Health and animal welfare concerns notwithstanding, the French are still crazy about foie gras, and they aren’t the only ones.
France exported close to 2,500 tons of foie gras in 2014, according to the latest report from the French trade organization focusing on the product, Cifog (Comité interprofessionnel des palmipèdes à foie gras).
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French consumers still have a healthy appetite for the ingredient, which saw a 3% increase in sales in French supermarkets over 2014.
Out of all French households, 45.5% percent purchased foie gras last year, compared to 44.4% in 2013.
Not just for the French
Foreign foodies have experienced the delicate taste and melt-in-the-mouth texture of foie gras and are eager for more.
In 2014, the Cifog observed a record trade surplus of €57.3 million ($60.8 million), up 10% from the previous year. Foie gras exports rose by €2.8 million ($3.0 million) over the period.
This rise in demand was driven in large part by Asian markets, where consumers are rapidly developing a taste for the French delicacy.
Foie gras exports to Vietnam surged 268% in 2014, while those to South Korea jumped 139%. Sales to Hong Kong rose 28%, while demand in Thailand edged up 5%.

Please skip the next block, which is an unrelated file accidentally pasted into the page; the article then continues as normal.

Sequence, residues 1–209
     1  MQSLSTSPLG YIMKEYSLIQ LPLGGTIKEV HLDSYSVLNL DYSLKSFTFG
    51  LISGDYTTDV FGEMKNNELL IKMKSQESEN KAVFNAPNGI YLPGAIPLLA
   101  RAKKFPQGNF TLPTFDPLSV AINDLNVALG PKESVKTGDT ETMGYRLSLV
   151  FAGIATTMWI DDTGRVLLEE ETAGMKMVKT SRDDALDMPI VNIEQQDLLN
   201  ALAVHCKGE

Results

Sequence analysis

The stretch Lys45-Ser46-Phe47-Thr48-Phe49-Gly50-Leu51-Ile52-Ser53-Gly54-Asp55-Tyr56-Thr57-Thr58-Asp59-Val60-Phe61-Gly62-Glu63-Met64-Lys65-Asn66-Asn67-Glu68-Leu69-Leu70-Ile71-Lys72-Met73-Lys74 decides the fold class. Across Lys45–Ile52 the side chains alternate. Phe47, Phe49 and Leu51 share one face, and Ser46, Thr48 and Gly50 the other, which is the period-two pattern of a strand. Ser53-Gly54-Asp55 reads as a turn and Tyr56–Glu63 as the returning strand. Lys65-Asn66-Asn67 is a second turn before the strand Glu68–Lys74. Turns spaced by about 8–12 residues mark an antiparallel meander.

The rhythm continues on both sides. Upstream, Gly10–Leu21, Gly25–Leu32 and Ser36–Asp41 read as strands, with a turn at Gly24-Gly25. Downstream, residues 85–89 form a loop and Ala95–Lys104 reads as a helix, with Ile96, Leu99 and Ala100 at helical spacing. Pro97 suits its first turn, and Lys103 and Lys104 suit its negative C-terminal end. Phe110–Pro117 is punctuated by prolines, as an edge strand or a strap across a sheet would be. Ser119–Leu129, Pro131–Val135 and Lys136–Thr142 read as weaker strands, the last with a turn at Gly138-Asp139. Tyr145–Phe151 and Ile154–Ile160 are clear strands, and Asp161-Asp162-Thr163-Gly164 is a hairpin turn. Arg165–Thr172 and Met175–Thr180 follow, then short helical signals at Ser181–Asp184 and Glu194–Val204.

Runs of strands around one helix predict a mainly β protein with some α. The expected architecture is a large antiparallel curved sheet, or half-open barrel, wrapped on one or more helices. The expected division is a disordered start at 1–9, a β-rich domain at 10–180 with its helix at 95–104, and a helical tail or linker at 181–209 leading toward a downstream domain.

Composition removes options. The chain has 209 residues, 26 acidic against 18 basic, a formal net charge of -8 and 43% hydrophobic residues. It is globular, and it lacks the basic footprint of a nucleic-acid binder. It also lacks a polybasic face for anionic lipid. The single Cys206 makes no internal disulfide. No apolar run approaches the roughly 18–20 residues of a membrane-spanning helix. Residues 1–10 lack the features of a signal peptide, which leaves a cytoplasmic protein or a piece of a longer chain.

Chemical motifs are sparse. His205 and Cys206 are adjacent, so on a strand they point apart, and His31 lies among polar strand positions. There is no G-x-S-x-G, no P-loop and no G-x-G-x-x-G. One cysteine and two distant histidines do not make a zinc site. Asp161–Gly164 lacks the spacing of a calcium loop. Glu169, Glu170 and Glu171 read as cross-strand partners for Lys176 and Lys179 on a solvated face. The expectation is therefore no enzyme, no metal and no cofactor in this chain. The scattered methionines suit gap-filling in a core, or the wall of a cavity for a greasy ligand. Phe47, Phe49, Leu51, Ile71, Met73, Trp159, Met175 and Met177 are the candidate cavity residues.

While Asian foodies may be driving the rise in global demand, Europeans are still the leading foie gras consumers by far.
The top export market for French foie gras in 2014 was Spain, which spent €24 million on the product (+3%). In second place was Belgium, where the market for French foie gras rose 20% to €19 million.
In 2015, regulation changes are expected to further bolster global demand. In Taiwan, where only canned foie gras was legal for import until December 2014, the product can now be imported and sold as raw lobes.
In January, a federal judge struck down California’s foie gras ban, giving restaurateurs the greenlight to put it back on their menus.